Next morning we started trekking at 08:00 a.m. We walked for 22k.m. Up above the mountings there was water scarcity, so we had to reduce our uses of water. At 11:00 a.m. we stopped for our lunch in Gurdung. That day we were walking in the mountains for the last time. Again at 01:00 p.m. we started our journey of rest of 10km. from Gurgund. In the evening we reached Rimbick after walking for 22km. That was our last day of trekking and we have completed it successfully. The next morning we went back to Darjeeling. We stayed there for one day. On 2nd May finally we reached back to Guwahati.
In this trekking we learnt how to be self disciplined, de¬termined and we have developed leadership qualities, teambuilding capacity, adaptation, problem solving capacity, resilience and also our inter personal rela¬tionship.

We would like to thank Tarun Saikia Sir (1st Assamese to climb the Mount Everest) and all the team members of his committee for guiding us and creating a sense of discipline and consciousness about protecting our environment within us. We brought back lots of sweet memories, love towards nature within us.

Wednesday 4 June 2014

Embracing Young Volunteers

Volunteering is an integral part of the Award Programme, it is not only an important part for our participants to complete their Awards but also an important factor for smooth running of the programme. Below is an article first published in The Guardian talking about ways to embrace young volunteers.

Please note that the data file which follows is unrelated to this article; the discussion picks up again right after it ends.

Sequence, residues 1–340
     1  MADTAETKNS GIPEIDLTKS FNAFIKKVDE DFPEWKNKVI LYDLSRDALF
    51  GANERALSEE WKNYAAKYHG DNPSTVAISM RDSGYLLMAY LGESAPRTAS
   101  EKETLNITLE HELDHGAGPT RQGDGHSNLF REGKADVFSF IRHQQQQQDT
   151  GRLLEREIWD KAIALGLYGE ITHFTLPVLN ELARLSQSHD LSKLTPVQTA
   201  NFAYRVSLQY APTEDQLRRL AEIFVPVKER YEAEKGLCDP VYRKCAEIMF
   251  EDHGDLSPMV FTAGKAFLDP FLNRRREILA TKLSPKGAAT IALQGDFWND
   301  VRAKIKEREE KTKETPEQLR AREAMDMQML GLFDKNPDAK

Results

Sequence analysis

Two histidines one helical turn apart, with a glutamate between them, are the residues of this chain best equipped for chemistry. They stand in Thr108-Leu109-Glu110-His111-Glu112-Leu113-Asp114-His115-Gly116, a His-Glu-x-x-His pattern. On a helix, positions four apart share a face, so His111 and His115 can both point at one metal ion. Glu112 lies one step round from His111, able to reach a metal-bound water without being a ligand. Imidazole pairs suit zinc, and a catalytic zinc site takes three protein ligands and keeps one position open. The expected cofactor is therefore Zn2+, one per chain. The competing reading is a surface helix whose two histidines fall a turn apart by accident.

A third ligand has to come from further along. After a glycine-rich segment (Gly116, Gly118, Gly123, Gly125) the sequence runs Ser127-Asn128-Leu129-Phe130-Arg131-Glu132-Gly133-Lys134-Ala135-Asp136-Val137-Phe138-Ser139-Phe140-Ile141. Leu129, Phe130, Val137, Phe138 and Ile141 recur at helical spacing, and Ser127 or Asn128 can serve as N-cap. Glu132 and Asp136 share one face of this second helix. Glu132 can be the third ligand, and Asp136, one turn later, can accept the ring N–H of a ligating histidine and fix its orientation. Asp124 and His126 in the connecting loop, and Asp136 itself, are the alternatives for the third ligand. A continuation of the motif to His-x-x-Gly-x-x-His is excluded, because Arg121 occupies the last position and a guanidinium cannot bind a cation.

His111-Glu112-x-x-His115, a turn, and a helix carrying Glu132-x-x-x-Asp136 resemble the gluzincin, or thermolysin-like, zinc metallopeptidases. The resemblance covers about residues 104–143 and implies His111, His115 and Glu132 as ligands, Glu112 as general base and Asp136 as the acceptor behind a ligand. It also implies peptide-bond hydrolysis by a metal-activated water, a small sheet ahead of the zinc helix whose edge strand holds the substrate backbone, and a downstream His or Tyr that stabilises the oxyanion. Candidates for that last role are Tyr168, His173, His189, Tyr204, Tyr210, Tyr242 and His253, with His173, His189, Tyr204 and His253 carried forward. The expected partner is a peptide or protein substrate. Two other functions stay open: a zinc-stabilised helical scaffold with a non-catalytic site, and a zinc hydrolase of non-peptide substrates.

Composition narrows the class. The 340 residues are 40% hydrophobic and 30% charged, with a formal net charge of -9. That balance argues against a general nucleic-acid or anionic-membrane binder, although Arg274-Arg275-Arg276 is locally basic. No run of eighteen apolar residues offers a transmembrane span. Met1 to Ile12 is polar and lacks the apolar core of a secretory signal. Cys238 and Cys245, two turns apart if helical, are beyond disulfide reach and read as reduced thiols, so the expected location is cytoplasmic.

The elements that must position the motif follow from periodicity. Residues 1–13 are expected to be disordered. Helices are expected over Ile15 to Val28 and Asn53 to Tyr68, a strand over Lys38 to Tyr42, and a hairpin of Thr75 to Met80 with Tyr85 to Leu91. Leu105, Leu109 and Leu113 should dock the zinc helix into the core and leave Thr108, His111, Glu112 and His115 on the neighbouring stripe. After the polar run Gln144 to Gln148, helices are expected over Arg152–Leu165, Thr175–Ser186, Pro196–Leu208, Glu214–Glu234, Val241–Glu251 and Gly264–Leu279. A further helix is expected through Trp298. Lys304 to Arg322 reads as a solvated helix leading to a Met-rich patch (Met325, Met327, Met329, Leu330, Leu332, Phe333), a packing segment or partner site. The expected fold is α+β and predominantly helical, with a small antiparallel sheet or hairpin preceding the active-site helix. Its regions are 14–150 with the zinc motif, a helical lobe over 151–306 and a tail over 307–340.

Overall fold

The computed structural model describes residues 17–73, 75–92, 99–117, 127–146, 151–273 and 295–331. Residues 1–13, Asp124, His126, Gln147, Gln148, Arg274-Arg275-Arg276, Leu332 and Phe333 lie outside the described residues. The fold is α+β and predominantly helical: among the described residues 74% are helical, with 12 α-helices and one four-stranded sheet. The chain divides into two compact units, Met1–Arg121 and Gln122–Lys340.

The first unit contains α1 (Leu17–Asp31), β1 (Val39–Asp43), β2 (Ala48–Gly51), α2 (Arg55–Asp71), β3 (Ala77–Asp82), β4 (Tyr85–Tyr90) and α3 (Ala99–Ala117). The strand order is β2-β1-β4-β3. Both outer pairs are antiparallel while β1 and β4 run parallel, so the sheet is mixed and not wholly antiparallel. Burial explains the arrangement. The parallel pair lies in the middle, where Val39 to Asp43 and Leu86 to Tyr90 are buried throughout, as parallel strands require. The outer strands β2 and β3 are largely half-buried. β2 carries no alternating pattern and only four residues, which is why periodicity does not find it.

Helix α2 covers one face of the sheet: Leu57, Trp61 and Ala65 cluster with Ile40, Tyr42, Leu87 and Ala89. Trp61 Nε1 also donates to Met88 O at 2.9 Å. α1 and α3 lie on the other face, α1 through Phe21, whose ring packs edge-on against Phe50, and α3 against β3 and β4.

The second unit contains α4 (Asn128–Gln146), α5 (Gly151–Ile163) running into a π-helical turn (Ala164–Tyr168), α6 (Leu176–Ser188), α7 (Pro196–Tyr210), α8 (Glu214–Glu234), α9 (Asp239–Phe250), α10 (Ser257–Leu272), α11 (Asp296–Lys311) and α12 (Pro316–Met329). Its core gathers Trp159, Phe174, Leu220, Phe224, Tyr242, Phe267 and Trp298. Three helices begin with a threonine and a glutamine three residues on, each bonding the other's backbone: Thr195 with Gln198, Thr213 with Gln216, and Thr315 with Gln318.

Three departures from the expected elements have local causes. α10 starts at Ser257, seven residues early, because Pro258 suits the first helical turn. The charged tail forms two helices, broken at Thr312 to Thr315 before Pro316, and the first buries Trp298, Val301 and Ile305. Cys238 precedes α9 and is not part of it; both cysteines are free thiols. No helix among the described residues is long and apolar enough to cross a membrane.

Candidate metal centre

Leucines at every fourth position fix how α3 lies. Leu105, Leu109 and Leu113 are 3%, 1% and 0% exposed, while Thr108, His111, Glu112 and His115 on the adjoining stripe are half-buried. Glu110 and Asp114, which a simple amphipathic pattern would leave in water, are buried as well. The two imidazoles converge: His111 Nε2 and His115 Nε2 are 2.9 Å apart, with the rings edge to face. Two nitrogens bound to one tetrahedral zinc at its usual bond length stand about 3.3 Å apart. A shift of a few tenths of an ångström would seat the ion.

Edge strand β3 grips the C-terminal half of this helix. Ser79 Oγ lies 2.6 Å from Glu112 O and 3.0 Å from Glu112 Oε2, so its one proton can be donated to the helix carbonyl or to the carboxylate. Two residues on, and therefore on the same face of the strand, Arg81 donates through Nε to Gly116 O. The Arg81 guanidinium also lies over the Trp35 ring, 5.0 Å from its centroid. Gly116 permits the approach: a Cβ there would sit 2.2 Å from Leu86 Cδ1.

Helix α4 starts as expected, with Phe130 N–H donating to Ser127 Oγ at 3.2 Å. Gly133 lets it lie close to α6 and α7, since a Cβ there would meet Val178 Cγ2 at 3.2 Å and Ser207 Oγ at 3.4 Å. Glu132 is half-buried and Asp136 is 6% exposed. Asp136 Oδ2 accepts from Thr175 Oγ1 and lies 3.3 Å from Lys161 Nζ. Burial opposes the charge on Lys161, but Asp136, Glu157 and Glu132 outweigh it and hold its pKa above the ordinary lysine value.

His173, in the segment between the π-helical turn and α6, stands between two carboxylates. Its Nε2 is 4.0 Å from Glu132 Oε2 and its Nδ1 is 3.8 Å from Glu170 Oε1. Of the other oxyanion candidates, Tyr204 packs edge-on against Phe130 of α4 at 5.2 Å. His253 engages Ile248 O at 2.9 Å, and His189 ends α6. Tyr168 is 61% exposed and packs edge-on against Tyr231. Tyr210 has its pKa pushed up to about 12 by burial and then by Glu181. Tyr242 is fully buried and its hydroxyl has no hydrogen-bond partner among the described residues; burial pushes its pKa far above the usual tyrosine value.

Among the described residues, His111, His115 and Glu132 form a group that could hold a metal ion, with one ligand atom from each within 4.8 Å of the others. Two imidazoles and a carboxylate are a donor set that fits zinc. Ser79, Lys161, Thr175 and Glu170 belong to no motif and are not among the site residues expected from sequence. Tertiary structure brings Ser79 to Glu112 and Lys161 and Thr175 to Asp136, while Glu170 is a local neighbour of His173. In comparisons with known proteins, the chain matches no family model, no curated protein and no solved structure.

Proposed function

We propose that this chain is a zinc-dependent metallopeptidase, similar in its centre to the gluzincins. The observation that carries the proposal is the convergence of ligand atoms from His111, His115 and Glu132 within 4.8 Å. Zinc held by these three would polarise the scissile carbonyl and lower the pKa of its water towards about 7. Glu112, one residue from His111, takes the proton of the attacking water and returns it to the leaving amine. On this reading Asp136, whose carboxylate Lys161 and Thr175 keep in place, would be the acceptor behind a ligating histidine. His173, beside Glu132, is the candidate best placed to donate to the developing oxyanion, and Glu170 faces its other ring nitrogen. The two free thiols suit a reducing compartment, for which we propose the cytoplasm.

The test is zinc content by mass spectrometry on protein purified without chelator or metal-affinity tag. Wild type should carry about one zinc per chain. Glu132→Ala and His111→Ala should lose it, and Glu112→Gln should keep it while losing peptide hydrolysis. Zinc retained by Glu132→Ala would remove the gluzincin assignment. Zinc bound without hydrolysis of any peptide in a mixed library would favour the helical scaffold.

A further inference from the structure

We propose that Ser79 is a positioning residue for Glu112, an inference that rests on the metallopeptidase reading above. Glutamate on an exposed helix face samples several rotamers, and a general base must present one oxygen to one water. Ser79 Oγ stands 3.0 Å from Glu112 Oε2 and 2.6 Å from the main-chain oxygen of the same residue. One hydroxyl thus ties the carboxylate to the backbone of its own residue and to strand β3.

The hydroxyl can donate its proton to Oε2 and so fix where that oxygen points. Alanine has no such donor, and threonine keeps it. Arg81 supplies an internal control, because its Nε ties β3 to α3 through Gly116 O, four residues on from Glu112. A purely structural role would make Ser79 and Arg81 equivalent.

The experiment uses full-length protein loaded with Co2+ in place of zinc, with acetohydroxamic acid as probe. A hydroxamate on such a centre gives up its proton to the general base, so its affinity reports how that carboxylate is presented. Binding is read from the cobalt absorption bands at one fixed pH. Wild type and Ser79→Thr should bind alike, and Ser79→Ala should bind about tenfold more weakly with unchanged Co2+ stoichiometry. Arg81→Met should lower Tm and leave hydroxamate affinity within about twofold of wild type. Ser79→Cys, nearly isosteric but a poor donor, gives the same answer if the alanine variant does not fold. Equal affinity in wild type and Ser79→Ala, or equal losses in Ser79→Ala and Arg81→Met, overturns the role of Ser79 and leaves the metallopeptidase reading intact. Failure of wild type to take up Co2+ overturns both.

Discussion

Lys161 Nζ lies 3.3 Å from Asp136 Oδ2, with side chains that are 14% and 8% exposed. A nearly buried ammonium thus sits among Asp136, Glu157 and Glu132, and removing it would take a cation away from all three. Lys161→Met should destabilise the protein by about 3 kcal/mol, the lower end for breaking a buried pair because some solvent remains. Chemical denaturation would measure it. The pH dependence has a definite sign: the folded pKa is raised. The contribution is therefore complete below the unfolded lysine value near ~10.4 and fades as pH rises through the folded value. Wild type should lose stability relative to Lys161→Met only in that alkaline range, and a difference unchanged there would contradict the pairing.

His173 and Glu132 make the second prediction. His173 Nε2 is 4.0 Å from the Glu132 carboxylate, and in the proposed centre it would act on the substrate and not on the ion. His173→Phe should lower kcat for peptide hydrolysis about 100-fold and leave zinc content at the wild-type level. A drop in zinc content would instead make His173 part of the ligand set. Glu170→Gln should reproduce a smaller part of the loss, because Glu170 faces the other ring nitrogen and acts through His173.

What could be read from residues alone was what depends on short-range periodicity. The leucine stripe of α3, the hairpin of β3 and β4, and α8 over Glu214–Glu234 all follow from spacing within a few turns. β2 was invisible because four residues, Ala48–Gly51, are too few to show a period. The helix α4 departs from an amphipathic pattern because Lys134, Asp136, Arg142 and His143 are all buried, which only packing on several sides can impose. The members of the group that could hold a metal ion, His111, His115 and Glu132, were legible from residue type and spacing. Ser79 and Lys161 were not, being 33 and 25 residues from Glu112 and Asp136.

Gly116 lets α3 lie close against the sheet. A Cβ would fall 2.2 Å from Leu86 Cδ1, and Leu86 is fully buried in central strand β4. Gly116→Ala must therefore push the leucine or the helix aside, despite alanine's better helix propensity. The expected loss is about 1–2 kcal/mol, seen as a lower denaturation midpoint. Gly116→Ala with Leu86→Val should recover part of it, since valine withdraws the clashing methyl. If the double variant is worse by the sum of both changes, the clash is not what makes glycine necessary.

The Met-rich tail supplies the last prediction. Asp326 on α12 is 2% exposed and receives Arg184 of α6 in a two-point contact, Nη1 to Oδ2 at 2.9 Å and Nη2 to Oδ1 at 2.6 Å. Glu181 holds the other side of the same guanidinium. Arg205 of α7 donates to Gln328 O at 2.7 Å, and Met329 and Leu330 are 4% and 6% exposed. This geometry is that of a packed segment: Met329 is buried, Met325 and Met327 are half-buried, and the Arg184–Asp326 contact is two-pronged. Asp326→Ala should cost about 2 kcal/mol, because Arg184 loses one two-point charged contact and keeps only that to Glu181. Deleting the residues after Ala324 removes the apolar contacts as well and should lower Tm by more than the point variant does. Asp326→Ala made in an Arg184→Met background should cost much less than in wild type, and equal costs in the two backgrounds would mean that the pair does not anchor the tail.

There has never been a better time for charities to embrace a generation of school-aged volunteers, so why do so many young people and children find it so hard to locate meaningful volunteering opportunities?

Young volunteers have a vast amount to give, and yet a lot of charities are missing out on this vital opportunity, citing a number of common myths surrounding youth volunteering. If charities don't support young volunteers, then we are not safeguarding our own futures by supporting the next generation of volunteers and, more importantly, we're missing out on all the benefits that young volunteers can bring to our organisations.

At the JLGB (Jewish Lads' & Girls' Brigade), we have worked hard to remove barriers to participation for young Jewish people in a whole host of national award schemes, most notably the Duke of Edinburgh Award. As a result, we have seen an enormous increase in participation with 50% of young Jewish people in faith schools now taking part in this award. However, 65% indicated that they required extra support in finding a suitable volunteering placement.

The same topics arise in every discussion of under-16s volunteering: insurance won't cover this age group, young people would need too much training, there's no one to supervise them, or perhaps they've had bad experiences with young volunteers before. Some of these are valid worries, many are urban myths, but more often than not, it's just been easier for many charities to stick to the status quo than tackle the (sometimes remarkably simple) changes that are needed in order to embrace young volunteers.